MINNEAPOLIS -- Just blocks from Target Field there is a recreation league baseball field that stands behind a sculpture garden that would be yet another location for the Twins to find players they could use to beat the White Sox.
Heck, a couple of warm bodies visiting the sculpture garden could do the trick.
Nothing against the talents of guys like Ben Revere, Luke Hughes, Brian Dinkleman, Matt Tolbert and Drew Butera but those were the players the Twins used Wednesday night to pin another defeat on the White Sox.
It hardly mattered that guys like Joe Mauer, Justin Morneau, Jim Thome, Jason Kubel and Denard Span were watching from the wings covered in air casts, ace bandages, gauze, ice packs and band aids. Those five are just a partial list of players the Twins have on the disabled list.
The White Sox’s latest defeat in Minnesota, this one by a 4-1 score, was simply more of the same. The Twins now have a six-game winning streak against the White Sox and have won nine of their last 10 against them. Since May 2009, the Twins have won 27 of the last 34 played between the teams.
“That’s the way they play; that’s the way they play since a long time ago, since I was playing,” manager Ozzie Guillen said. “They know how to create runs, they play good defense, they make the pitch when they have to make the pitch. They take opportunities. They had a couple runs with two outs, opposite of what we did. We got men on third base twice with less than two out and don’t bring the guy in. That’s the way they play for a long time.”
All it took was one inning of offense and the pitching of Carl Pavano to subdue the White Sox on Wednesday. In scoring three runs off Gavin Floyd in the third inning, the Twins hit two doubles, a walk, two singles (one of which was a bunt) and had a double steal.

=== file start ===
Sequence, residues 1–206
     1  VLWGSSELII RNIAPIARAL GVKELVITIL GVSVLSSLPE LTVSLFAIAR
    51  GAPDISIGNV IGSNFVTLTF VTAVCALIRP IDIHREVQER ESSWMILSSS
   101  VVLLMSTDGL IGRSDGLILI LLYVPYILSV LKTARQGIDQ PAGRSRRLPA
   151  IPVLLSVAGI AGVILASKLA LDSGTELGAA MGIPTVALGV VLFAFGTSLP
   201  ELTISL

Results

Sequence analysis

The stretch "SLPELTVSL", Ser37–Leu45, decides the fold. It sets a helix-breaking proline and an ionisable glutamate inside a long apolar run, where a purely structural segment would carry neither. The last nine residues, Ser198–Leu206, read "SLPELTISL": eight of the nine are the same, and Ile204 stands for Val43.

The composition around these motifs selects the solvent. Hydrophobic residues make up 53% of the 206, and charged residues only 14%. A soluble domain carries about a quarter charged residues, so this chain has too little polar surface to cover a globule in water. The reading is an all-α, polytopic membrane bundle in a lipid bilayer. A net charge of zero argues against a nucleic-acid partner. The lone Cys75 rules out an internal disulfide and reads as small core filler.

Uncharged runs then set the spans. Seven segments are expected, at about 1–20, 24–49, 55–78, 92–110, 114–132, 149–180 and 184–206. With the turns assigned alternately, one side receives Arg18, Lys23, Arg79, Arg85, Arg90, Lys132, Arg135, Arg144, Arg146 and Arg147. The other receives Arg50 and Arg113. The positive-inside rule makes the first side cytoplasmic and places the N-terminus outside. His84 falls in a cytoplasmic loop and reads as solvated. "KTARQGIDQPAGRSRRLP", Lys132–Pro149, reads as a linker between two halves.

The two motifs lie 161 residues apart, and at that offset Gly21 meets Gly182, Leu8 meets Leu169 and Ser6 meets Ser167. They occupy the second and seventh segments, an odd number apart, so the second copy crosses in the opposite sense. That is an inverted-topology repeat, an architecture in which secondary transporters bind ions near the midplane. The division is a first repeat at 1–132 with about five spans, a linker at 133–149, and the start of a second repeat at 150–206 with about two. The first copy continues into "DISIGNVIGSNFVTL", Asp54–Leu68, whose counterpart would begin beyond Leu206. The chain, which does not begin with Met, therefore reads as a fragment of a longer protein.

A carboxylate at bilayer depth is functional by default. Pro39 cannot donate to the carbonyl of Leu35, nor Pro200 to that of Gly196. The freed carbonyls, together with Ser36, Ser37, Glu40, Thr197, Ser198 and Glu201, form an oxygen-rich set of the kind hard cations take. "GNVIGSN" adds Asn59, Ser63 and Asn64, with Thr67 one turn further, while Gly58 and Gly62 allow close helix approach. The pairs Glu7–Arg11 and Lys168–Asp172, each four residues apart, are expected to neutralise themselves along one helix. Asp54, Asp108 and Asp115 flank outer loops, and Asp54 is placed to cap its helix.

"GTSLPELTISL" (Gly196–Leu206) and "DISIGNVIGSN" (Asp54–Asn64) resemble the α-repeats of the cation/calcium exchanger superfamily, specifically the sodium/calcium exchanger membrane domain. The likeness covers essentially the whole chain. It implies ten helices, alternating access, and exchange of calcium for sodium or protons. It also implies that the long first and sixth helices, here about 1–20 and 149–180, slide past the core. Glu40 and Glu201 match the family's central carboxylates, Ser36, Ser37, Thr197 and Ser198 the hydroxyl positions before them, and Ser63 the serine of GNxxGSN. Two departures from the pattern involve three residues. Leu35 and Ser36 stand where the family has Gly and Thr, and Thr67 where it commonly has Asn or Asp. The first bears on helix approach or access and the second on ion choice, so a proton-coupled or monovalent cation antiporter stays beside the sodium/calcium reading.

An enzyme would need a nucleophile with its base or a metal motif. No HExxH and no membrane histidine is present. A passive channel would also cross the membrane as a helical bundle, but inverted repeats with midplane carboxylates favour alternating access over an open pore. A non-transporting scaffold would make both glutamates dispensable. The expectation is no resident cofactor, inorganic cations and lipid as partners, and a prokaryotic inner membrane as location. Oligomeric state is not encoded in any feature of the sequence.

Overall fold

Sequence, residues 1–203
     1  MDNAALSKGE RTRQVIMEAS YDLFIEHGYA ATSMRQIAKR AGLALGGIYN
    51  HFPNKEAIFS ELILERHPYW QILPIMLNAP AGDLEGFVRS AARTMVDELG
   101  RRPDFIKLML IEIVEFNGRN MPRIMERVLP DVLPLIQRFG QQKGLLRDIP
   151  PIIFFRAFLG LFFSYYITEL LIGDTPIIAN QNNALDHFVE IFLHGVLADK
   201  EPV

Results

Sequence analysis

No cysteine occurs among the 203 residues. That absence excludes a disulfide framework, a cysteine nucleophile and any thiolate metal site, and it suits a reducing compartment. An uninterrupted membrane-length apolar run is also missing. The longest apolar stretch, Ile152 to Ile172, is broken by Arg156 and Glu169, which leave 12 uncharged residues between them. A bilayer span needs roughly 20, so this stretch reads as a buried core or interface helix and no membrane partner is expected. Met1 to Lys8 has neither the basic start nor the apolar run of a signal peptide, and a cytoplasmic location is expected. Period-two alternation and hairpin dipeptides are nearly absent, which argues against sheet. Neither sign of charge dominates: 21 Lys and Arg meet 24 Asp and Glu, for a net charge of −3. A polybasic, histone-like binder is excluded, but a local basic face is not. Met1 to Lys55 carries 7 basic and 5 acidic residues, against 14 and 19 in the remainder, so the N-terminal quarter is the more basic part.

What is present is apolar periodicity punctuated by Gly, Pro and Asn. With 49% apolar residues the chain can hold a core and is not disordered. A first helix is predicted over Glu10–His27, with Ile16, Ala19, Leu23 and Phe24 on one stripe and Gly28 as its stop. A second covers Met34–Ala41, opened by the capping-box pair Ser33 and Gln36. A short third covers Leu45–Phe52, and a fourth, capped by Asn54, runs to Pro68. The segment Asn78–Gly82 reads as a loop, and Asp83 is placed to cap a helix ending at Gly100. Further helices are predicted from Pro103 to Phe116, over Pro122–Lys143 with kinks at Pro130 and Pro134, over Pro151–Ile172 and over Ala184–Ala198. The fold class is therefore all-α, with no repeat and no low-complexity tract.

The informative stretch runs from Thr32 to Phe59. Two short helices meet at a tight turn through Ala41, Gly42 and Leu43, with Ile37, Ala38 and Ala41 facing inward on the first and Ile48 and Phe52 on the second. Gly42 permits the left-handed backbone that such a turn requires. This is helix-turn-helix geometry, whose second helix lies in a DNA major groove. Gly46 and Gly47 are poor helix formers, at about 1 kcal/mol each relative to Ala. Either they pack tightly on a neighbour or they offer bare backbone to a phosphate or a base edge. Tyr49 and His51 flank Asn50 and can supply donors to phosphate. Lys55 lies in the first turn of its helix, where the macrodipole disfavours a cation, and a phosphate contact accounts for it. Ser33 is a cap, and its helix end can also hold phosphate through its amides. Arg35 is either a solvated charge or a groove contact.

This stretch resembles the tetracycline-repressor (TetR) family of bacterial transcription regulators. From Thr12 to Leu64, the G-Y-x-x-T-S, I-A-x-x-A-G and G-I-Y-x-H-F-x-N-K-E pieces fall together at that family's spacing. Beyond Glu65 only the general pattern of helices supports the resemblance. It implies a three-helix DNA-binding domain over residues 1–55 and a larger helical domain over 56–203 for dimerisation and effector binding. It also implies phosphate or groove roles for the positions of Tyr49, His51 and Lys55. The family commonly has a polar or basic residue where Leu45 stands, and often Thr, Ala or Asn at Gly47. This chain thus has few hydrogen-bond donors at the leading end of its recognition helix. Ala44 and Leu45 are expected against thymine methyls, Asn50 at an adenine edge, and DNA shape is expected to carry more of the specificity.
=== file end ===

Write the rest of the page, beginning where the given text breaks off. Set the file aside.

It was Twins manager Ron Gardenhire pulling a Mariano Rivera: Even though you know what’s coming you won’t be able to do anything about it.
The White Sox, meanwhile were up to their old tricks like the leadoff double from Adam Dunn in the third inning only to leave him stranded at third base. They hit into four double plays. And the Twins stole five bases. Minnesota added an insurance run in the eighth inning.
“They felt pretty comfortable up there it seemed like,” Floyd said. “You just have to make adjustments during the game and I’m thankful to get that late in the game and still keep us in the game. That one run in the eighth inning I think really hurt us. I could have made a better pitch, I think.”
Over the years the White Sox could have done a lot of things different, but it hasn’t happened. And it’s only getting worse as the Twins have thrown in a no-hitter this season for good measure.
The Twins might be in last place, but they don’t look like it against the White Sox.
“I never count those guys out,” Guillen said. “Those guys, for some reason, in the second half they come on fire. Those guys know how to play the game. They don’t make many mistakes. Even when there are a lot of kids out there, they don’t make many mistakes.
“I hear [Tigers manager] Jim Leyland say that a few weeks ago about them. I have the same opinion Jim Leyland has. You never know what those guys are going to do. They come out after you, no matter what. They know how to play. That’s the reason they’re in the pennant race every year.”